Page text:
Home / Movie Times / Zero Dark Thirty

Zero Dark Thirty

By REBECCA JACOBSON
For all the talk about torture Zero Dark Thirty has generated, you’d be forgiven for thinking director Kathryn Bigelow spends 157 minutes depicting detainees being waterboarded, strung up with ropes and crammed into confinement boxes. This is, of course, not the case. The majority of the film is an intricate police procedural about the decadelong hunt for Osama bin Laden, with a 30-minute climax depicting the assault on his Abbottabad compound. But those scenes of torture, front-loaded in the first third of the film, dredge up such challenging, uncomfortable and important moral questions it’s no wonder they’ve dominated discussion since before Zero Dark Thirty was released. Yet I’m unable to see the film as some rah-rah, kill-the-motherfucker piece of jingoism that pines for the days when detainees wore dog collars. Instead, it’s as uncomfortable in its relentlessly raw representations of torture as it is in its characters’ emotionally ambiguous reactions—or nonreactions—to those acts of torture. Take the first scene of torture: CIA officer Maya (Jessica Chastain) has just arrived in Pakistan and is present for the violent interrogation of a detainee named Ammar. Maya cringes, clenches her jaw, clasps her arms across her chest and at one point covers her eyes. But there’s an unsettling slightness to these reactions. The torture is terrible and sad in its brutality; Maya’s reactions are terrible and sad in their faintness. Where Maya shows no faintness is in her single-minded drive to root out bin Laden, which Chastain fiercely portrays. Her determination, as we know, pays off, and Zero Dark Thirty builds to the pivotal raid on bin Laden’s compound by a group of Navy SEALs. Largely shot with night-vision lenses, it’s a dramatic shift from earlier cinematographic naturalism, but it remains eerily and grippingly real. The suspense is thick, the carnage plentiful, and the celebration brief and fraught—this is no simple act of triumphalism. Much like the film’s earlier depictions of torture, it’s wrenchingly decisive yet, ultimately, inconclusive.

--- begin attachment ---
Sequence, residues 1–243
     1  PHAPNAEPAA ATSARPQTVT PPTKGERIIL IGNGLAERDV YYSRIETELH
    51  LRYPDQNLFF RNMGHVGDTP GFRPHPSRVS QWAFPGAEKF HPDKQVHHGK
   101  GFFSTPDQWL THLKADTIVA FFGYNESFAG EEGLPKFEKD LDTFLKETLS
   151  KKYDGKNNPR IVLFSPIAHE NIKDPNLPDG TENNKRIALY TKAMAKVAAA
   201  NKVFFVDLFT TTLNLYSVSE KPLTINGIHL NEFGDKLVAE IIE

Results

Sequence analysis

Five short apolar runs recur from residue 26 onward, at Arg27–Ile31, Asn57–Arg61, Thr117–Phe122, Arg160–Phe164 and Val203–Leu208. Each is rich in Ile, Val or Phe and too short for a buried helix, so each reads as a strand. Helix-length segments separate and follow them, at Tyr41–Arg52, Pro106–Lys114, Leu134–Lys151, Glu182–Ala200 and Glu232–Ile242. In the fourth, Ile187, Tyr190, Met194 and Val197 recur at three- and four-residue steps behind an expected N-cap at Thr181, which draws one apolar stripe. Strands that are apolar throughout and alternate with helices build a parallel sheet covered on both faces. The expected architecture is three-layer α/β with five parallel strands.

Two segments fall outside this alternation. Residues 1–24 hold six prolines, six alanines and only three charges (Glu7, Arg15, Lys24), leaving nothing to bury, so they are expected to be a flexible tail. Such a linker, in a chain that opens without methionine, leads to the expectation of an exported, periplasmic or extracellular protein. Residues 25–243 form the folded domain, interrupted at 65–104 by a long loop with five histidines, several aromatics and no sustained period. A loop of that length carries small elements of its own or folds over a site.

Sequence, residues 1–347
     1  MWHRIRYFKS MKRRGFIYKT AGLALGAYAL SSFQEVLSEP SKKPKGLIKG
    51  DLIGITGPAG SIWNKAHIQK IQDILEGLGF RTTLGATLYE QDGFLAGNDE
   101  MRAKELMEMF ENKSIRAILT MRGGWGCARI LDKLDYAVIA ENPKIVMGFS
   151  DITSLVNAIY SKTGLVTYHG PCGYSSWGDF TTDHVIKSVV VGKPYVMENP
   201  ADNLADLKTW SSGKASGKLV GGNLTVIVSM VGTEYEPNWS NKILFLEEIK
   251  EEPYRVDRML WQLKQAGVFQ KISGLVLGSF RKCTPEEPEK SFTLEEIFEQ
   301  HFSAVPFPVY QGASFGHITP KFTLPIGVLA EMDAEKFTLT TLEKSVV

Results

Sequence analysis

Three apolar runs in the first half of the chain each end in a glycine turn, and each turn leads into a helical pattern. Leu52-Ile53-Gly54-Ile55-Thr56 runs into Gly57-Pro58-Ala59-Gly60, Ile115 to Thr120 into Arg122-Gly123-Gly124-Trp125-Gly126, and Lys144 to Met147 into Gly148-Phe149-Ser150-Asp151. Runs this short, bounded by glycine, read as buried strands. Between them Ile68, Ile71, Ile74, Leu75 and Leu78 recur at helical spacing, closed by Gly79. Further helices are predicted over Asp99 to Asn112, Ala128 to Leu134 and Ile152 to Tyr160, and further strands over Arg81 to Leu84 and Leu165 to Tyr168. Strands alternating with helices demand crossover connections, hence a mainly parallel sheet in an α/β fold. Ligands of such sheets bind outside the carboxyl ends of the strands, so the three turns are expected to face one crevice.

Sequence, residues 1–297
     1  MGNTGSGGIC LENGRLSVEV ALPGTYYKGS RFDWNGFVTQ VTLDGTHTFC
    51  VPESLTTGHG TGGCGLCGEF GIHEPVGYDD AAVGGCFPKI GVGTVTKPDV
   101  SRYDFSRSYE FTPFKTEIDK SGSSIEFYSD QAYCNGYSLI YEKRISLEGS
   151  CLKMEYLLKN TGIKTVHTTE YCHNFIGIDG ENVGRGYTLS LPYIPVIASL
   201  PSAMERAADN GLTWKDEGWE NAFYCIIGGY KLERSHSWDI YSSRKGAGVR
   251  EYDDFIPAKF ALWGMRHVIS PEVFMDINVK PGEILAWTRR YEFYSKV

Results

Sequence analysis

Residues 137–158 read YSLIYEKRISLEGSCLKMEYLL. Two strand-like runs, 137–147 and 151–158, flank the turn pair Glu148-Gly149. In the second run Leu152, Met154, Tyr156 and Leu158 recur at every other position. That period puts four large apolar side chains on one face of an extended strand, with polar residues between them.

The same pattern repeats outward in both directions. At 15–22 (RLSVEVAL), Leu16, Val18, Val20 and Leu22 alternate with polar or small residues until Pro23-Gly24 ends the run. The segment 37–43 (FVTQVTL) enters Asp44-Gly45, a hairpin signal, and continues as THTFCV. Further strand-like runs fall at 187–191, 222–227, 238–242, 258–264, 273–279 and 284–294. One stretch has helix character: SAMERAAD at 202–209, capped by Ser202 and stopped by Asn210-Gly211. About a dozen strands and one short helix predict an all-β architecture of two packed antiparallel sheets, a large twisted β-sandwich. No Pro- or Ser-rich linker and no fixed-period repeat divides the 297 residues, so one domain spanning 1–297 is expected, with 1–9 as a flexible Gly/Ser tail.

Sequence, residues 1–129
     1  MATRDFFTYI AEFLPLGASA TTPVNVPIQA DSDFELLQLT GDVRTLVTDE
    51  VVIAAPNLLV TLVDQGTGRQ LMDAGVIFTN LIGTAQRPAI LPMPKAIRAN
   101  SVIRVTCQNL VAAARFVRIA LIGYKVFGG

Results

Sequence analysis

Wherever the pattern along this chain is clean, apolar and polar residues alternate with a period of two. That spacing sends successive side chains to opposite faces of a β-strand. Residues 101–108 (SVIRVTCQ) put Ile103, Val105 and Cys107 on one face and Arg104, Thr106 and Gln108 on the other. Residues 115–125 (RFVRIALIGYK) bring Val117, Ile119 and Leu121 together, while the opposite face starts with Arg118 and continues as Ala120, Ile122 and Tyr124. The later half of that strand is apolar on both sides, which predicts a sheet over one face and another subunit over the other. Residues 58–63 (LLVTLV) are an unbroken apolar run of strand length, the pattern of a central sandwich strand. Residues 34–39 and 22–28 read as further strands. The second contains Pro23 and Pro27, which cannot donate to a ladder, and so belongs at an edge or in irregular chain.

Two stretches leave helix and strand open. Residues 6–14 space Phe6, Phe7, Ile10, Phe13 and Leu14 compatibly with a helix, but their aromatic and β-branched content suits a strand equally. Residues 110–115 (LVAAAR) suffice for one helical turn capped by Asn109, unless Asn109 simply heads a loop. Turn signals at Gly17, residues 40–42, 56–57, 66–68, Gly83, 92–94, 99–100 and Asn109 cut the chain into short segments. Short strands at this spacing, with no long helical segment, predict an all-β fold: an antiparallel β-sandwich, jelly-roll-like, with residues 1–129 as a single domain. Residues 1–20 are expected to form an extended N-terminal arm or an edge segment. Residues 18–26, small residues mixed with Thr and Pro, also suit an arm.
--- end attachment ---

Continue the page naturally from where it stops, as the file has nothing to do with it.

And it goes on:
• Genres: Drama, Thriller
  • Running Time: 157 minutes
  • Release Date: Friday, January 25, 2013
  • Country: United States
  • Language: English
  • MPAA Rating: R [ Brutal Disturbing Images, Language, Strong Violence ]
  • Critic's Score: A-
  • Starring: Jessica Chastain [Maya], Jason Clarke [Dan], Joel Edgerton [Patrick], Jennifer Ehle [Jessica], Mark Strong [George], Kyle Chandler [Joseph Bradley], Edgar Ramirez [Larry], Chris Pratt [Justin], Reda Kateb [Ammar], James Gandolfini [CIA Director], Harold Perrineau [Jack], Jeremy Strong [Thomas], Fares Fares [Hakim], Yoav Levi [Abu Faraj al-Libbi], Scott Adkins [John], Fredric Lehne [The Wolf], Mark Duplass [Steve], Stephen Dillane [National Security Advisor], John Barrowman [Jeremy]
  • Directed by: Kathryn Bigelow [Director], Mark Boal [Screenwriter], Mark Boal [Producer], Kathryn Bigelow [Producer], Megan Ellison [Producer], Colin Wilson [Executive Producer], Greg Shapiro [Executive Producer], Ted Schipper [Executive Producer], Greig Fraser [Cinematographer], Dylan Tichenor [Film Editor], William Goldenberg [Film Editor], Jeremy Hindle [Production Design], Alexandre Desplat [Original Music], Rod McLean [Supervising Art Direction], Ben Collins [Art Director], Lisa Chugg [Set Decoration], Onkar Knot [Set Decoration], George Little [Costume Designer], Mark Bennett [Casting], Richard Hicks [Casting], Gail Stevens [Casting]
  • Visit the Movie Website | Watch the trailer
 

Show Times

  • Currently 3.5/5 Stars.
  • 1
  • 2
  • 3
  • 4
  • 5
comments powered by Disqus
 

Web Design for magazines

Close
Close
Close